BY AUTUMN LOCKWOOD
POSTED MARCH 10, 2010
At a certain point, there will be a time when you have taken pictures of just about everything in what seems like every possible angle. It is entirely possible you may run out of ideas or find yourself in a creative lull. One of the best cures for a situation like this is swinging by your local photo shop and picking up a nice piece of gear to experiment with. There are lots of different accessories to choose from that can improve and challenge your skills, but the best place to start is with a new lens. One of the most interesting and useful focused-use lenses out there is the macro lens.
All 35mm camera lenses have some kind of ratio that represent the size of an object in the picture compared to its real life size. A traditional lens presents objects at much smaller than their actual size (imagine a life-sized photograph of the Brooklyn Bridge!) while macro lenses will get a ratio much closer to reality. Have you ever looked at a close up of a flower or a head of an ant? Chances are those photographs were shot with a macro lens.
There are a few varieties of macro lens available. The most common ratio for consumer photo equipment is about 1:2 which means that subjects in the picture will be half their actual size. This may not seem like much, but remember that you're going to blow the image up when it's printed onto an 8x10 or 5x7 photograph, making the final version much larger than real life. Super-high grade equipment can hit a ratio of 5:1, which would be perfect for mapping out a snowflake or exploring a rough surface like a sponge. You can find simple attachments for your normal lens (these have varied results) or a full lens to attach to your camera body, whatever suits your budget.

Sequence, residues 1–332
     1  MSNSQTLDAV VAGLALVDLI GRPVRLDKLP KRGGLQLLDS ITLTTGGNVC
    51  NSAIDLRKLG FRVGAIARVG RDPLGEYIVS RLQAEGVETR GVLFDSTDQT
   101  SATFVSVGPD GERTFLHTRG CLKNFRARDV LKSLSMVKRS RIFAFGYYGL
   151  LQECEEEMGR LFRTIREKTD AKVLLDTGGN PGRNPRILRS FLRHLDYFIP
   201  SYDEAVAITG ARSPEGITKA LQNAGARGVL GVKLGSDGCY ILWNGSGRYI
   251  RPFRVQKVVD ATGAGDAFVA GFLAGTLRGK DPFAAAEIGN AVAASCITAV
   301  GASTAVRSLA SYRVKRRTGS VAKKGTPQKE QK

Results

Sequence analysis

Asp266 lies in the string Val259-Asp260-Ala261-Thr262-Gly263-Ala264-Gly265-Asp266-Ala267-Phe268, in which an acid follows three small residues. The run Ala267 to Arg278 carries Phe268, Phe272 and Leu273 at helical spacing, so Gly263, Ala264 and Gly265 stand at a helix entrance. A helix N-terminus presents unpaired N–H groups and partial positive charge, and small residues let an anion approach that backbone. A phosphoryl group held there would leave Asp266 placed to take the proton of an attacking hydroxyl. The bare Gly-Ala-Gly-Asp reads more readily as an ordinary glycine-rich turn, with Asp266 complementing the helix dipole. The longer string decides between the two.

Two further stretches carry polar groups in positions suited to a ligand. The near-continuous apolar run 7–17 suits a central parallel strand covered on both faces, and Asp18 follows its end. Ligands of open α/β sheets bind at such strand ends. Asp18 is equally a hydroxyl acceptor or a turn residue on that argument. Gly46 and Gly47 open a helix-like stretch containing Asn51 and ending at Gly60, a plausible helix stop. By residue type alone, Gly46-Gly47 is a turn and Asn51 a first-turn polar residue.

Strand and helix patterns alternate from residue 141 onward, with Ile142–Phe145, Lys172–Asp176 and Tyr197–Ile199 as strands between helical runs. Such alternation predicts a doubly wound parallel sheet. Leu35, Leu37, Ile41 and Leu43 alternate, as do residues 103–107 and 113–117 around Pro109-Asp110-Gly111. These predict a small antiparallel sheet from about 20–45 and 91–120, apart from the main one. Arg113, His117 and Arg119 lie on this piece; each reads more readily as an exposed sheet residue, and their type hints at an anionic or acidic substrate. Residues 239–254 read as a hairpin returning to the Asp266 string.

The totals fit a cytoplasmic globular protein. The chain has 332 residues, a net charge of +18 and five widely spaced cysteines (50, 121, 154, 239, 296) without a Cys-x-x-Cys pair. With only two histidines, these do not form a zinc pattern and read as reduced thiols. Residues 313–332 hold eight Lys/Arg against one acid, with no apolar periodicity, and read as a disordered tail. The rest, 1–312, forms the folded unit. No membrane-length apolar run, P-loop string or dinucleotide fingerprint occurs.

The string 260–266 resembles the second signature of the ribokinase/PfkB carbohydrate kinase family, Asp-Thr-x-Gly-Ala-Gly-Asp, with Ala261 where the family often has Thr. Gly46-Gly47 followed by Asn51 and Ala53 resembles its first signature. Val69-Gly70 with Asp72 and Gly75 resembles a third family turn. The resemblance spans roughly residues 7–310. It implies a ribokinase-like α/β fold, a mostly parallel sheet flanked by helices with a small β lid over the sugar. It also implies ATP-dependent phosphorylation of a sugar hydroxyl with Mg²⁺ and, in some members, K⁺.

Macro Lens Experiments
Once you have a macro lens and have got a bearing on how it works, go out into the world and start seeing things like you've never seen them before. Even the most familiar of subjects or environments can become dramatically new and exciting when viewed from a different perspective, and a macro lens will certainly provide that to you. Here's some fun things to do with your new macro lens:
* Explore your house and get a bugs-eye view of your furniture, carpet, and surfaces.
* See how the lens expands your creativity by shooting common items in your neighborhood
* Set up a small space and see if you can duplicate "catalog" type images of small products
Macro lenses can have a great impact on how you see the world and provide you with a versatile alternative to shooting with a regular lens. You never know when you might need to make something tiny the center of focus and there's no better way to do it than by making it huge. It's also fun to take pictures of common objects at super-close range and see if your friends and family can figure out what the item is. Macro lenses can turn grass into green bladed mountains or ants into scary creatures that make your imagination run wild.
While the cost of a separate macro lens can cost you somewhere between $200-400, you'll find that the extra options you'll have to shoot are well worth the cost. Making mountains out of molehills may not work out for us in our jobs or personal relationships, but in photography it can be great fun. Besides, it's the little things that make life interesting.